Rallying global equities driven by growth stocks

European equities: Strong start supported by easing inflation figures


European equity markets made a very strong start to the year, supported by easing inflation figures, both in the US and Europe, the surprisingly quick end to the zero-Covid policy in China and the relatively mild winter that has defused the energy crisis in Europe and thus the risk of a deep winter recession.

During this rebound, cyclicals clearly took the lead. Cyclical growth sectors, such as consumer discretionary, industrials and information technology, outperformed the broader European equity market. Defensive sectors, such as consumer staples, healthcare and utilities, strongly underperformed. In addition, falling energy prices dampened momentum in the energy sector, which gave away some of the ground made so far this year.

While performance dispersion was high between value and growth, this was also the case between small and large caps. Small caps have outperformed their larger counterparts since the start of the year. Published economic data was supportive for smaller companies. The eurozone composite purchasing manufacturers’ index (PMI) improved to 50.2, signalling a significant improvement in sentiment and that the region might avoid a winter recession.

In this context, and as mentioned in early January, we have gradually become more positive on small caps and are still looking for a long-term buy opportunity. A turnaround in central bank tightening, the need for more visibility on the economy and companies’ earnings momentum are the missing elements for us to become positive with conviction on European small caps.


Earning expectations and valuations

Valuations have increased slightly with the year-to-date rebound, but remain interesting. European equities are now trading at slightly less than 13 times expected earnings for 2023 and are still significantly cheaper than their long-term average.

Expected earnings growth remains close to 0%, as investors had already significantly revised down expectations at the beginning of the year. Growth is mainly expected to come from financials, while expected earnings growth for both energy and materials is seen as strongly negative this year.


Stay balanced for now

We made no significant strategic changes, as we still feel comfortable with our current positioning. Consumer staples remain our most important conviction. Although the sector has underperformed during the market rebound and a weaker US dollar has weighed on relative performance, we are convinced of the valuation upside, the pricing power and positive earnings momentum of this sector.

In the meantime, we also maintain our +1 on information technology, our -1 on communication services and energy. The latter seems fully valued after the strong gain last year, while profit margins might be pressured by the ongoing energy transition towards renewable energy out of fossil fuels.

The only change we did implement is on an industry level. After downgrading insurance within financials to neutral at the end of November last year, we have now increased our exposure to banks (retail banks).

Finally, we remain convinced that stock picking will become even more important this year and EPS momentum will be key to generating alpha.


US equities: Large growth stocks massively outperforming value ones


Global equities made a strong start to the year, supported by easing inflation figures and decent consumption data despite poor consumer sentiment. The rally was driven by growth stocks on the back of the prospect of a less restrictive monetary policy and a weakening economy that pushed long-term rates lower.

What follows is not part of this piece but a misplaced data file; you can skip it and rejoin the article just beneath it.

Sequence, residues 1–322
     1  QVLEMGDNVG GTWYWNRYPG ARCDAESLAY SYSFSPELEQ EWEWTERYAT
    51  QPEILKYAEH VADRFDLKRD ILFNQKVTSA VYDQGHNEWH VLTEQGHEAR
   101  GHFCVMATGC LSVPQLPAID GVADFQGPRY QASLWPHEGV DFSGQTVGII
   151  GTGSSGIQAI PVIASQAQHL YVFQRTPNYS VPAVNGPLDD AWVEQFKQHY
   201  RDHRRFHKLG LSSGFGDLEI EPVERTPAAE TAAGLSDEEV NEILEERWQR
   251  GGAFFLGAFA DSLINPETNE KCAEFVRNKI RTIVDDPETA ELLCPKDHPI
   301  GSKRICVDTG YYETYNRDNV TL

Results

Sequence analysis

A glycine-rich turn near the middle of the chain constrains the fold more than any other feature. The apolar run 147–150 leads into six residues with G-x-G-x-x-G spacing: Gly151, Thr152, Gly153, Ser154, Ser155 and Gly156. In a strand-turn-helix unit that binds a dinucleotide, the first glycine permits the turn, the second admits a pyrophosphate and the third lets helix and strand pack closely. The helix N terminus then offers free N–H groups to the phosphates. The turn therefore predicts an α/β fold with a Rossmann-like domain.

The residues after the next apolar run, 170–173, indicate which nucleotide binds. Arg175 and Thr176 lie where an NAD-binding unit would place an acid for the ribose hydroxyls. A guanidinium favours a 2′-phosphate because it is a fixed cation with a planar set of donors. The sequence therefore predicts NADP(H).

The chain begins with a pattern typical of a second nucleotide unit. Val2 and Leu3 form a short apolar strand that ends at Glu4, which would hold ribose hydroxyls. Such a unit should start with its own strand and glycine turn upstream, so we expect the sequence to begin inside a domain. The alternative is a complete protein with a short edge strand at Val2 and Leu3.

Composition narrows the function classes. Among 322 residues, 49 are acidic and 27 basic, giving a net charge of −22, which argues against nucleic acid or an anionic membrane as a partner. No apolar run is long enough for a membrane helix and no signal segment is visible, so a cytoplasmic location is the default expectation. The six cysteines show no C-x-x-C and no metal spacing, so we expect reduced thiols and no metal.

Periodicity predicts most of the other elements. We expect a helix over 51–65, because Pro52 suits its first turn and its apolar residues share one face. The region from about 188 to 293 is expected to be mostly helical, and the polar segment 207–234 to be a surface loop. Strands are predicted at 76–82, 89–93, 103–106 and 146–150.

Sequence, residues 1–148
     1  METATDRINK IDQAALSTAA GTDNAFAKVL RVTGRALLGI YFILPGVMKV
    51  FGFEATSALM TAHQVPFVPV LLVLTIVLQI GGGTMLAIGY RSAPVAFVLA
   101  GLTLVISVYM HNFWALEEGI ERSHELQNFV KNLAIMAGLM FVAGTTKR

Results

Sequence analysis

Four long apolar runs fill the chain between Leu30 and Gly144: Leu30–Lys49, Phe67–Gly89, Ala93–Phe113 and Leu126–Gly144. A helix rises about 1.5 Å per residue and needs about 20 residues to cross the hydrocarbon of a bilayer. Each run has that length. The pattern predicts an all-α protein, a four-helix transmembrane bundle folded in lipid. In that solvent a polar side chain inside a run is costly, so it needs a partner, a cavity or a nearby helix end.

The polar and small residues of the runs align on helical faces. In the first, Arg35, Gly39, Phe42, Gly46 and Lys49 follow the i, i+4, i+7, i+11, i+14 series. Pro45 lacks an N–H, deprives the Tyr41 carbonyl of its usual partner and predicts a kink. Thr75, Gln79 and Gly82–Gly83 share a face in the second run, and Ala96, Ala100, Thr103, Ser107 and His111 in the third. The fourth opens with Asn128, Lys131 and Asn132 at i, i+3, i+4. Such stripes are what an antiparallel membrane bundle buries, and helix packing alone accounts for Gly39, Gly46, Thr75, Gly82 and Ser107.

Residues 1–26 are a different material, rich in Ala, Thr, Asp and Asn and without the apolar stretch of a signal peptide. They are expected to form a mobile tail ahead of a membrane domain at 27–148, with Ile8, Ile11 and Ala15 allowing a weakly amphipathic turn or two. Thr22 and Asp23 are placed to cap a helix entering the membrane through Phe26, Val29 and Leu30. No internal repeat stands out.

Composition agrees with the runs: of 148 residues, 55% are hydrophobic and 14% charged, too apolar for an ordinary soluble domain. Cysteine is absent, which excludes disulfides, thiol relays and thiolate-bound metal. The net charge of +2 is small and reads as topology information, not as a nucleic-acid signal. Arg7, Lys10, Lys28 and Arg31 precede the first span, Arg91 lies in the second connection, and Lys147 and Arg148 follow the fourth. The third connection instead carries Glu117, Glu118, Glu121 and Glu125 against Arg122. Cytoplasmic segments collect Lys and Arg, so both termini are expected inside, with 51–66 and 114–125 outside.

Cyclical growth outperforms

In the US, there has also been a clear difference in performance between growth and value so far since the beginning of the year, especially when looking at large caps. Large growth stocks have massively outperformed value stocks.

Performance dispersion between the various sectors is high. Cyclical sectors that sold off last year such as consumer discretionary, information technology and communication services, massively outperformed the broader US market. Value and more defensive sectors, such as consumer staples, utilities, healthcare, energy and financials, underperformed significantly.


Earnings expectations and valuations

In the meantime, earnings expectations continued to be revised down. Investors count on earnings growth of around 3-4% in 2023. This sounds reasonable considering the current economic context. Growth is mainly expected to come from consumer discretionary, industrials and financials. For other sectors such as materials, energy and real estate, the market consensus expects earnings to decline this year.

With that earnings growth in mind and considering the recent rebound, the US equity market valuation has risen slightly above the long-term median but doesn’t look overly expensive.

There is nevertheless significant valuation dispersion between sectors. Energy and real estate look particularly cheap, whereas consumer discretionary and information technology have become slightly less attractive compared to their long-term average. Financials are now broadly in line with their long-term average.


Temporary downgrade for IT

Equity investors have already taken into account a soft landing for the US economy, witness the recent rebound of cyclical sectors. Leading indicators are indeed pointing in that direction, although it is too early to draw conclusions. If that scenario should start to materialise, it would prompt us to further increase our exposure to cyclical sectors.

However, we believe the equity market rebound is going a little too fast, too far, justifying a more cautious short-term view. In this context, we have decided to temporarily downgrade information technology from +1 to neutral:

  • Valuations have increased compared to a few weeks ago. After the recent rebound, a lot of good news is priced in, especially in semiconductors.